More often these days, I find myself faced with situations to which I feel driven to respond. Usually these are emotionally-charged issues, and it's easy to want to respond quickly.

In the most emotionally charged situations, though, your first response is often the wrong response.

Learning to temper a particular comment or response with well-constructed logic is a challenge. It's also incredibly frustrating when you want to enter a debate rapidly but are unequipped to engage with others in the conversation.

Speaking Too Quickly

The biggest danger of responding too quickly is that emotion and ego seep into the conversation. What begins as a well intentioned discussion quickly devolves into impassioned ad hominem attacks where no one comes out the winner.

This occurs most frequently when an individual involved in said debate feels deeply connected to an issue either through personal experience or some other close connection. Abstract ideas have personal impact and our ability to argue a point objectively dissolves.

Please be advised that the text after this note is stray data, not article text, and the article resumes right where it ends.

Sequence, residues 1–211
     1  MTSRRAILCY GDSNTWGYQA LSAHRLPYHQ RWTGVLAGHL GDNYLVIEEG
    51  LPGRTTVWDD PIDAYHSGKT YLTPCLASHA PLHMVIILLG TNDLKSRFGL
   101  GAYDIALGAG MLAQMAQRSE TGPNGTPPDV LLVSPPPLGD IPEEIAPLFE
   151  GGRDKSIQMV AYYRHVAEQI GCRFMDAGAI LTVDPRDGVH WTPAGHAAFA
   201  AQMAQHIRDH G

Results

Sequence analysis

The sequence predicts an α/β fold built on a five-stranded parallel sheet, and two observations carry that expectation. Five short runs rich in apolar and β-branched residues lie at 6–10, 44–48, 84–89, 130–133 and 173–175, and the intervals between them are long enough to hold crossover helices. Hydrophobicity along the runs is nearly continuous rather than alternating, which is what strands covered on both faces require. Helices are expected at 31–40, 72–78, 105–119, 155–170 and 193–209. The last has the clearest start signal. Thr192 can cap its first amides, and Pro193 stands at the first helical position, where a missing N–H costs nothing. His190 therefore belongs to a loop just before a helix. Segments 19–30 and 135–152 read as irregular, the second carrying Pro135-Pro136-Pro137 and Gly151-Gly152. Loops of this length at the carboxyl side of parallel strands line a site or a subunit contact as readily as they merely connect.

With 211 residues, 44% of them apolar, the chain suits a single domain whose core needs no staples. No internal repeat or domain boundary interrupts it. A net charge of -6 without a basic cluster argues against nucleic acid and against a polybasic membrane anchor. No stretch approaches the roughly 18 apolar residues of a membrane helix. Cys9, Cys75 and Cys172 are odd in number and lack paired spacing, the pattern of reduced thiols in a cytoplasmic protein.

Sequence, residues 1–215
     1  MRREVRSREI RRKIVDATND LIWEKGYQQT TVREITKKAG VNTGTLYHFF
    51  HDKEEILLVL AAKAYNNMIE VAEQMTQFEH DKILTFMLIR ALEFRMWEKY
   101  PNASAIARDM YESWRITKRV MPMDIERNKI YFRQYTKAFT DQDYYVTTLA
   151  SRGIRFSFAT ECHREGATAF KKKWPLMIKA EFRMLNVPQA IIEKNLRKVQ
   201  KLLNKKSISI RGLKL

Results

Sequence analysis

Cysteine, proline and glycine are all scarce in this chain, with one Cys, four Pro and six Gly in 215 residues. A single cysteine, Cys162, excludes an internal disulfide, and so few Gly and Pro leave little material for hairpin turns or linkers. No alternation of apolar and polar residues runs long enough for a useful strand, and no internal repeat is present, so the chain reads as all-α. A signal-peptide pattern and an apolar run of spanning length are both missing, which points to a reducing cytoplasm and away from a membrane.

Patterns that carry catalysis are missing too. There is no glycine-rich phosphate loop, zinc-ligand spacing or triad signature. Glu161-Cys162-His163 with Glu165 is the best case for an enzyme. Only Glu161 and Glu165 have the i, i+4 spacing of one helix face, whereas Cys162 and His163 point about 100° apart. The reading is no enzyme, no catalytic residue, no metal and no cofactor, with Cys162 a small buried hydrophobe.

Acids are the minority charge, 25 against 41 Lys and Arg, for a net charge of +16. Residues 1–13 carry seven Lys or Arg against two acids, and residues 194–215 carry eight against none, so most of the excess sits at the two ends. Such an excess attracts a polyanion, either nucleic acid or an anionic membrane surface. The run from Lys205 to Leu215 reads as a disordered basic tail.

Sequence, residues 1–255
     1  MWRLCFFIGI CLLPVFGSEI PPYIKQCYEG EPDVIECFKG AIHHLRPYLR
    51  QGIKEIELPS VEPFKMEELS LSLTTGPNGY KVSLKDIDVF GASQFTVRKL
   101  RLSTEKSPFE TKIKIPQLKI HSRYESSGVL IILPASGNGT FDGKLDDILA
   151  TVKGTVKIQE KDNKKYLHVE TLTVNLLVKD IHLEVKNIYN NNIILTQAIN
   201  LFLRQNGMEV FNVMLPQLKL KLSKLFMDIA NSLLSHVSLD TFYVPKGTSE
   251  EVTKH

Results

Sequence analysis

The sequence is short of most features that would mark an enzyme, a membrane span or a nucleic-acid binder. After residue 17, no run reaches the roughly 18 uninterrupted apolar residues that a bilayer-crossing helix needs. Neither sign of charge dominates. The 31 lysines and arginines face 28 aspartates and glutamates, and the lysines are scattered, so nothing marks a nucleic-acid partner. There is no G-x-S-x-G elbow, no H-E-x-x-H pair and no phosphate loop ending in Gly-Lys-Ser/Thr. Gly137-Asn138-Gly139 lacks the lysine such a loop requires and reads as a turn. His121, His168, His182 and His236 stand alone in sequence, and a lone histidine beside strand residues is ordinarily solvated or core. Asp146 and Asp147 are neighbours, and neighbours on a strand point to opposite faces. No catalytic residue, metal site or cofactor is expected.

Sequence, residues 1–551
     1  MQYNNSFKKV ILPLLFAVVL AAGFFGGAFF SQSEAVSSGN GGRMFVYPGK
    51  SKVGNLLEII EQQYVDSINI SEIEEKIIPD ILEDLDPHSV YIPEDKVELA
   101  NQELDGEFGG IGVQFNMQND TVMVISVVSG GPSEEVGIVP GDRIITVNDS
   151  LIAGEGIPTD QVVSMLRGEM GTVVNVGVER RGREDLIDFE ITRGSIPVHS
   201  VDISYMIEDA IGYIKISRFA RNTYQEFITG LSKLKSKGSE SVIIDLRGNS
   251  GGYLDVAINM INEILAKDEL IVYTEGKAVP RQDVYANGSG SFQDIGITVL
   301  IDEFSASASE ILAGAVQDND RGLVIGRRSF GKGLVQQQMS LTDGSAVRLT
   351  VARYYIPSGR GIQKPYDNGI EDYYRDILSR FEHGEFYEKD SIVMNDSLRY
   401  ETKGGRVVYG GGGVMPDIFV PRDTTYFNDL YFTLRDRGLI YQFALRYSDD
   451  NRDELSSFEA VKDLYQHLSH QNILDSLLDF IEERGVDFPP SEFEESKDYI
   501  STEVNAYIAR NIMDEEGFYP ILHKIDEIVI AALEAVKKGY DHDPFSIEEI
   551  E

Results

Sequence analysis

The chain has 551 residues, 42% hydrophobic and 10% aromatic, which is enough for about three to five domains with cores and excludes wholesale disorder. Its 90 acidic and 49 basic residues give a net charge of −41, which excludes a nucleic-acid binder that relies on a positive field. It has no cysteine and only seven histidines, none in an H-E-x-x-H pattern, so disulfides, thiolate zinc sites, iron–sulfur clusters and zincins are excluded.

Unfortunately, tools like Twitter make responding too quickly all too easy.

It's often important to remember that, in the heat of emotion, our first thought on an issue is often wrong and better left unsaid. Take some time to think things over and change what could be a too emotional appeal into objective logic.


Conversely, it's just as easy to overthink an issue.

I kept my opinions of Edward Snowden and his actions quiet for over a year. When I finally did voice an opinion, I was criticized more for the delay than for my argument. I took plenty of time to evaluate the many different facets of the issue as to not conflate my immediate emotional response with the one I published.

And the waiting back-fired.

I took so much time to consider the issue that my opinion lost relevance. The conversation moved on without me. This is the inherent danger in not speaking quickly enough, but is one of the risks we must accept if we're to embrace a civil discussion rather than one fueled by knee-jerk reactions and emotional pleas.

So, consider all of the issues of today for which you might make an argument. Have you taken so long to comment that you risk overthinking the issue and, through your delay, losing relevance? Or are you speaking too quickly with a very emotional yet potentially very wrong first thought?